2012 Jeep Wrangler New Car Launch and First Drive

by under Review2012 Jeep Wrangler New Car Launch/First Drive on 02 Mar 2012 02:31:40 PM02 Mar 2012
Price Range
$51,950 - $67,450
Fuel Consumption
9.6L - 10.3L/100km

Classic looks still turn heads; tougher than tough; American style interior


Minor modernization would improve its convenience/on-road drivability

Jeep Wrangler and Land Rover Defender split the voting when it comes to the ultimate reputation for four-wheel-drives (4WD) which can ‘go-anywhere’.

Thing is you can’t fake a reputation. 4WD fans would never allow that.

In a history dating back to the second World War, the Jeep Wrangler joins the Harley Davidson motorcycle as being American ‘Icons’.


 Now, for 2012, Jeep debuts the Wrangler with a new, more powerful 3.6-litre V6 petrol engine which is also more fuel-efficient.

In a few months Jeep will introduce a new, luxury version of the Wrangler called ‘Sahara’ which will feature a body-colour three-piece hardtop roof and matching wheel-arch flares, leather interior, six-disc audio and 18-inch alloy wheels.


2012 Jeep Wrangler Overview

Big news for the 2012 Jeep Wrangler is underneath – as well as the new 3.6-litre V6 petrol engine, Jeep has ditched the optional four-speed automatic transmission and gone for a five-speeder with driver-select manual changes. The excellent 2.8-litre, four-cylinder turbo-diesel engine remains unchanged.

Jeep is sticking with the two model grades for the Wrangler – ‘Sport’ and ‘Rubicon’. The extra coin for the Rubicon spec brings extras like Command-Trac 4WD system, Dana axles, Tru-Lok front/rear differential locks, front swaybar disconnect system, 17-inch alloy wheels and seven-speaker Infinity audio with a 360-watt amplifier.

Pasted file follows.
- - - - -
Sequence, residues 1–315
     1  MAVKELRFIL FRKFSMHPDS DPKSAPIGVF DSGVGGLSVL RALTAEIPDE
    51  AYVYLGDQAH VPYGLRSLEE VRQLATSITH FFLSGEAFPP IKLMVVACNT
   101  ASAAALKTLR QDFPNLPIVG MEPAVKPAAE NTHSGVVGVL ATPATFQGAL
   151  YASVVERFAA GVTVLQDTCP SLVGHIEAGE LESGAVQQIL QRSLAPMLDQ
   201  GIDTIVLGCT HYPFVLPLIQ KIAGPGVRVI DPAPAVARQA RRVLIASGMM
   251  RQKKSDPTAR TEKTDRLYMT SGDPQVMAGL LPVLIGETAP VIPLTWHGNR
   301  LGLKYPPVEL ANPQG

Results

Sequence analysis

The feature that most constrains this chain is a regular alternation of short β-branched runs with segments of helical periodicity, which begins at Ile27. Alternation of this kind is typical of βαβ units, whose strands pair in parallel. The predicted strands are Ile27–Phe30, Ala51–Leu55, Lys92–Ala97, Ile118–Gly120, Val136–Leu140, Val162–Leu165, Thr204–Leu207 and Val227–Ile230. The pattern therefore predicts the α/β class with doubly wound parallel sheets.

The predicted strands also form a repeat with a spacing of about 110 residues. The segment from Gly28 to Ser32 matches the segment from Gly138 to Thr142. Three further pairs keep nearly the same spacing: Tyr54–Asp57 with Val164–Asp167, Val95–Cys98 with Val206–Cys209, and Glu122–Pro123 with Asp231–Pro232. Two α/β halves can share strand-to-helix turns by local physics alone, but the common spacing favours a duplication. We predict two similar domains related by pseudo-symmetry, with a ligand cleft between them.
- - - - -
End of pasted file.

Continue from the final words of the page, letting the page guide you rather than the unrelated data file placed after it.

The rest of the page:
The full range is:

Wrangler 2-door
Sport V6 petrol (6-speed manual) $32,000
Sport V6 petrol (5-speed automatic) $34,000
Sport turbo-diesel (6-speed manual) $38,000
Sport turbo-diesel (5-speed automatic) $39,000
Rubicon V6 petrol (6-speed manual) $42,000
Rubicon V6 petrol (5-speed automatic) $44,000

Wrangler 4-door
Sport Unlimited V6 petrol (6-speed manual) $36,000
Sport Unlimited V6 petrol (5-speed automatic) $38,000
Sport Unlimited turbo-diesel (6-speed manual) $42,000
Sport Unlimited turbo-diesel (5-speed automatic) $43,000
Rubicon Unlimited V6 petrol (6-speed manual) $46,000
Rubicon Unlimited V6 petrol (5-speed automatic) $48,000


2012 Jeep Wrangler Engine

Gone is the 3.8-litre V6 petrol engine, replaced by a much better 3.6-litre 60-degree 24-valve 3.6-litre Pentastar V6. Lighter and more compact, the new V6 delivers much better driving dynamics extending beyond the obvious performance and fuel consumption improvements.

Not that they’re insubstantial. Power is up to 209kW at 6350rpm and torque is up to 347Nm at 4300rpm (with 90 per cent available from as low as 1800rpm). The V6 petrol Jeep Wrangler Sport two-door now accelerates from zero to 100km/h in 8.1 seconds – 27.7 per cent faster than the equivalent outgoing model.


Drive is via a six-speed manual transmission or – also new for 2012 – the W5A589 five-speed automatic with driver-select manual mode.

On the diesel front, Jeep Wrangler sticks with the 2.8-litre, four-cylinder turbo-diesel which itself was upgraded in 2011. The DOHC, 16-valver delivers 147kW at 3600rpm and 460Nm between 1600-2600rpm (manual) or 410Nm between 2200-2600 (automatic).

Euro V-compliant for exhaust emissions and with fuel-saving auto start/stop, the Jeep Wrangler Sport diesel manual returns combined cycle fuel consumption of just 7.1/100kms.


2012 Jeep Wrangler The Interior

We’ve always liked the feel of the Jeep Wrangler when you climb inside – partly its originality (like the door tethers) and partly it’s ‘American-ness’ (a pleasing change from the usual Japanese, Korean and European SUVs). 


There’s the hallmark Jeep steering wheel and conventional instrumentation (now aided by the modern media centre/satellite navigation screen). You sit high in nicely sculptured seats of generous proportions (you get that in American vehicles) although we would like reach adjustment for the steering wheel to fine-tune the driving position.

Other modern touches like the informative trip computer and new 368-watt audio - with a 40gb hard drive which can store up to 40,000 songs - show how Jeep has smartly updated the Wrangler over the journey while still being true to its origins.